Obama Resurfaces in Favorability, Re-opening the Popularity Gap

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Barack Obama crossed into majority favorability among registered voters for the first time since spring in a new ABC News/Washington Post poll, further evidence of a convention boost. Mitt Romney trails in popularity, albeit with a number near his own high.

The shifts in this survey poll re-open the popularity gap between Obama and Romney - now 8 points in Obama's favor, 52 percent vs. Romney's 44 percent, after closing to 4 points last week (within the margin of error), after the GOP convention and before the Democrats had their say.

See PDF with full results, charts and tables here.

Obama's favorable vs. unfavorable ratings, 52-45 percent, are back in the positive zone, +7 percentage points, after dipping below the waterline last week, 47-49 percent. Romney, at 44-49 percent, remains underwater, for the 12 th time out of 14 ABC/Post favorability polls this year.

Get more pure politics at ABCNews.com/Politics and a lighter take on the news at OTUSNews.com

Consistent with a larger ABC/Post political poll released yesterday, Obama has improved in his own party, with his with his popularity among Democrats matching his high for this election, 89 percent. He's at a new high among lower- and lower-middle income adults, and has moved back to positive ratings among women, 53-44 percent, after dipping negative among women, a first for Obama, immediately following the Republican convention.

Obama's rating among independent registered voters, by contrast, is essentially flat - 46-49 percent favorable-unfavorable this week, 45-51 percent last week. Nor did he see any change among political moderates in this poll, produced for ABC by Langer Research Associates.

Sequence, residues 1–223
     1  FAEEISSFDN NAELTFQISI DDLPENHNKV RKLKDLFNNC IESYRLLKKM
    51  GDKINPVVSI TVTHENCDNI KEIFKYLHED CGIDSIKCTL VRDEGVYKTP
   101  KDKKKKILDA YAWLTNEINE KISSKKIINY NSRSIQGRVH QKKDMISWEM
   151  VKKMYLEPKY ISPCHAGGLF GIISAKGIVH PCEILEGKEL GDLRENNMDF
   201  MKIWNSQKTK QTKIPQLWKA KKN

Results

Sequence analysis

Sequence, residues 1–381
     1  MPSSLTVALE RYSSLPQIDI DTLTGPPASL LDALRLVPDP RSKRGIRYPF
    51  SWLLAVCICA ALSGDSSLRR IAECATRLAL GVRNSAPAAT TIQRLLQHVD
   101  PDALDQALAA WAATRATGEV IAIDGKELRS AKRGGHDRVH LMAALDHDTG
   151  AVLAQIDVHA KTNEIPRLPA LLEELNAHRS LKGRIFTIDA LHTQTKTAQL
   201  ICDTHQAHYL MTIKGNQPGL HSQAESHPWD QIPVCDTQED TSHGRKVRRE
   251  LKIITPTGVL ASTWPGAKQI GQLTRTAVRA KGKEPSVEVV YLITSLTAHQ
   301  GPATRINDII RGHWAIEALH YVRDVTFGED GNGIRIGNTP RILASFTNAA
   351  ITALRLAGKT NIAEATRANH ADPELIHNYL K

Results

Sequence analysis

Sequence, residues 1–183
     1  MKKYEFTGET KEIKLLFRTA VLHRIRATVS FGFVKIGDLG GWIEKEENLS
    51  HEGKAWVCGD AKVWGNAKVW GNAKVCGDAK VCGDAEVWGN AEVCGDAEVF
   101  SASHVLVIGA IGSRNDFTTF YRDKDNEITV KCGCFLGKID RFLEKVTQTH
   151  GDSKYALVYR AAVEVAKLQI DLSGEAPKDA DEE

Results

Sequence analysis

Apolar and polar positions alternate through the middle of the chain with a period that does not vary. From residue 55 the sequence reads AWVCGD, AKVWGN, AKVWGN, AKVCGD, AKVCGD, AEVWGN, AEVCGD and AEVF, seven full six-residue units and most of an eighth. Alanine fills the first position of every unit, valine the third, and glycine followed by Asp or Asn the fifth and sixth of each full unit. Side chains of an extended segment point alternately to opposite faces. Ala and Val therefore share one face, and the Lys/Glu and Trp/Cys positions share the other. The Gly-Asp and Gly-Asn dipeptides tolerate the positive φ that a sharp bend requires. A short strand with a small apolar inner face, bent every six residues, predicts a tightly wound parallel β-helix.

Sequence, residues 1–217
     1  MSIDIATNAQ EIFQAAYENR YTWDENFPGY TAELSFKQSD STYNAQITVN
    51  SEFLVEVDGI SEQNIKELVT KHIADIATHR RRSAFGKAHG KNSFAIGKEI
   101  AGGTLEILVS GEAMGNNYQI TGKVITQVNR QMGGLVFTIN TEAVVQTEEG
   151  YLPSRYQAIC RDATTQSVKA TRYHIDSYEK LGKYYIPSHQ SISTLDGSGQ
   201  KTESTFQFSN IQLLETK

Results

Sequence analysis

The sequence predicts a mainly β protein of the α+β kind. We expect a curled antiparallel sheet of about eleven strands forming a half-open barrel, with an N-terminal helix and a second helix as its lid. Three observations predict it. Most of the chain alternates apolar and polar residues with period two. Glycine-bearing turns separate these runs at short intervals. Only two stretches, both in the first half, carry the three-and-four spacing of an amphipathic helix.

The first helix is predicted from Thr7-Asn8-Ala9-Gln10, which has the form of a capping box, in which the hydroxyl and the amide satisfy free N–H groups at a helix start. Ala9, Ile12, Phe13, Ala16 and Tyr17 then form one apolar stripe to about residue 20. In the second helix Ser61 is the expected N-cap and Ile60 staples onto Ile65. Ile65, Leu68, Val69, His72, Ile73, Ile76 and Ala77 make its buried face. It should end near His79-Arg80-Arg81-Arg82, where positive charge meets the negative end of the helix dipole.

Romney's rating is essentially unchanged from last week's 43-48 percent, although with some notable results among subgroups - his best favorability scores since May among moderates (albeit just 40 percent) and independents (44 percent), and his best to date among "very" conservative registered voters, 81 percent favorable.

HISTORY - While neither Romney (in particular) nor Obama are in a strong position in terms of personal popularity, others have done worse in previous post-convention polling - a comparative improvement especially for Romney, whose favorability ratings before the convention were the lowest for any presumptive nominee in pre-convention ABC/Post polls dating to 1984.

In previous post-convention polling, two candidates have received at least numerically lower favorability ratings than Obama's and Romney's now - John Kerry in 2004 and Mike Dukakis in 1988. Several others were either numerically lower than Obama now, or in a similar position.

METHODOLOGY - This ABC News/Washington Post poll was conducted by landline and cell phone Sept. 5-9, 2012, among a random national sample of 837 registered voters. Results have a margin of sampling error of 4 points, including design effect. The survey was produced for ABC News by Langer Research Associates of New York, N.Y., with sampling, data collection and tabulation by SSRS/Social Science Research Solutions of Media, Pa.

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